Gaining Ground (October 01, 2010)

TEXT John Bentley Mays
PHOTOS Philip Beesley architect

Stepping across the threshold of the Canadian pavilion at the Venice Biennale’s 12th international exhibition of architecture (on view until November 21, 2010), you find yourself beyond the looking glass, in a place where familiar meanings fall apart or stand on their heads.

The dense, fantastical assemblage of myriad tiny acrylic leaves and fronds and gleaming vessels, arteries and gullets that breathe and swallow and gesture in the thick, hot air of Venice’s public gardens is architecture, Canadian artist and designer Philip Beesley assures us.

It’s surely not architecture as nearly everyone understands the term, however: stuff that is mute and inflexible, the built barricade between the dweller and the environment. Beesley’s piece moves, it responds, it even embodies in those glass vessels chemical energy exchanges similar to those that occur in a living body. If architecture, this is no ordinary item of the building art, unless one is willing–as I am, out of courtesy, though with some misgivings–to go the distance with Beesley and stretch the broad tent of architecture to cover clothing and even skin, of which construction is, after all, a prosthetic extension.

But let’s throw caution to the winds, and call this highly intricate, high-tech mechanism a work of architecture. What kind of architecture is it?

Beesley has titled this installation Hylozoic Ground. The reference to hylozoism is clear enough: it’s the quaint, ancient cosmological fairy tale in which everything, including inanimate matter, is held to be alive, sentient, reactive. The word hylozoic also points to an intention deeply engraved in the work itself: that we view this complex piece, with its subtle movements and processes mimicking those of life, as an instance of ordinary reality heightened and clarified–as arealization of the hylozoic rhythm that could be seen everywhere, if our eyesight and inner apprehension were more acute.

I will return to the topic of hylozoism in a moment, but the second word in the title invites us to hurry on. In what sense is this electro-dynamic installation ground, or a kind of ground?

For ground, read soil–or what Beesley has recently called contemporary soil. “Soil has always been the prima materia of architecture,” the architect writes. “Soil might seem to stand silently, apparently offering secure mass and compression, available as plastic, friable resource for framing human territory. But contemporary soil does not, in itself, quietly offer itself to the enlightened framing of space…soil consumes space, erasing and consuming daily circumstance within its unspeakably silent, primal fertility.”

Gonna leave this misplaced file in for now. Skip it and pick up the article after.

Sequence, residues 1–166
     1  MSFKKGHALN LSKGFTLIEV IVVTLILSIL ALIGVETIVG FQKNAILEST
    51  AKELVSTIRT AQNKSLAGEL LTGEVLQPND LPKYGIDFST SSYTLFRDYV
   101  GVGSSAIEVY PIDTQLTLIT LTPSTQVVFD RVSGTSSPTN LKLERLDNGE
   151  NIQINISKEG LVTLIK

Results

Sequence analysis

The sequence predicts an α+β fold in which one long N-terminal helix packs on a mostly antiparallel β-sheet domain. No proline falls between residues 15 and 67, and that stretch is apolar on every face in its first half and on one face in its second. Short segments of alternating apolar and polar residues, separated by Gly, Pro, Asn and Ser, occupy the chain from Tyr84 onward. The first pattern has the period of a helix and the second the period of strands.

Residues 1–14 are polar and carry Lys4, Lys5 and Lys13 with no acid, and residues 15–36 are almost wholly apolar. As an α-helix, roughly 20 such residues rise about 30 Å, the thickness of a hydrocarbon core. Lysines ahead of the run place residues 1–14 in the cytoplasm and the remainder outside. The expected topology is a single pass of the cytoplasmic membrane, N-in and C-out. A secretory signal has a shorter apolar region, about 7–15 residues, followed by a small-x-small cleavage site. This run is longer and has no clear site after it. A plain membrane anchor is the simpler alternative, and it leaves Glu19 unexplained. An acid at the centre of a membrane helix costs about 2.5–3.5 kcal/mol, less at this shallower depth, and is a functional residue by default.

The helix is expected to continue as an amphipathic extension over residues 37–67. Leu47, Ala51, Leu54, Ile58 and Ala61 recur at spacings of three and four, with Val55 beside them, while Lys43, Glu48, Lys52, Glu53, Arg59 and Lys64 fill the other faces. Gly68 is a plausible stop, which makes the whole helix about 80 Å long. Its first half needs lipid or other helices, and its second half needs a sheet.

This characteristically poetic redefinition of a word most people think they know the meaning of helps explain one experience of Hylozoic Ground: the feeling that, if equipped with a few more gadgets, microchips and such, and placed in a natural landscape, the thing might actually grow, even flourish, and begin the transformation of its physical surroundings. It could become something even more active than it is–an instrument that brings about a new arising of transfigured terrain from the earth, instead of imposing on the land the Western idea that the world is merely so much real estate upon which to build.

I like the lyrical, ecological Heideggerianism of all this. I am less comfortable with the hylozoism, because I do not believe it to be a true or suggestive theory of reality. That said, Beesley’s techno-cosmic mysticism has found an interesting outlet in his curious installation in Venice, and an even better one in his nature writing.

Some scraps of the latter are featured in the Canadian pavilion’s exhibition catalogue, alongside technical expositions of Beesley’s philosophy and working method by other hands. Written in a vehement, breathless manner, his ecstatic texts sweep together all the times of given landscapes–geologic, historic, immediate–into fluid, incandescent visions that light up the page. This is apparently the effect that Hylozoic Ground and other installations are intended to have on viewers, yet don’t (at least in my case)–not quite and not yet, anyway.

But Beesley’s provocative inquiries and his collaborations with specialists across the disciplines of architecture, art, engineering and humane scholarship are longstanding and ongoing, and his vivid romance with landscape and wilderness shows no signs of exhaustion. We can expect Beesley’s architectural project, and, it is to be hoped, his nature writing, to go on unfolding into the future, registering ever more exactly his discoveries on the outer edges of contemporary architectural practice. CA

John Bentley Mays is an architecture critic and writes regularly for The Globe and Mail.

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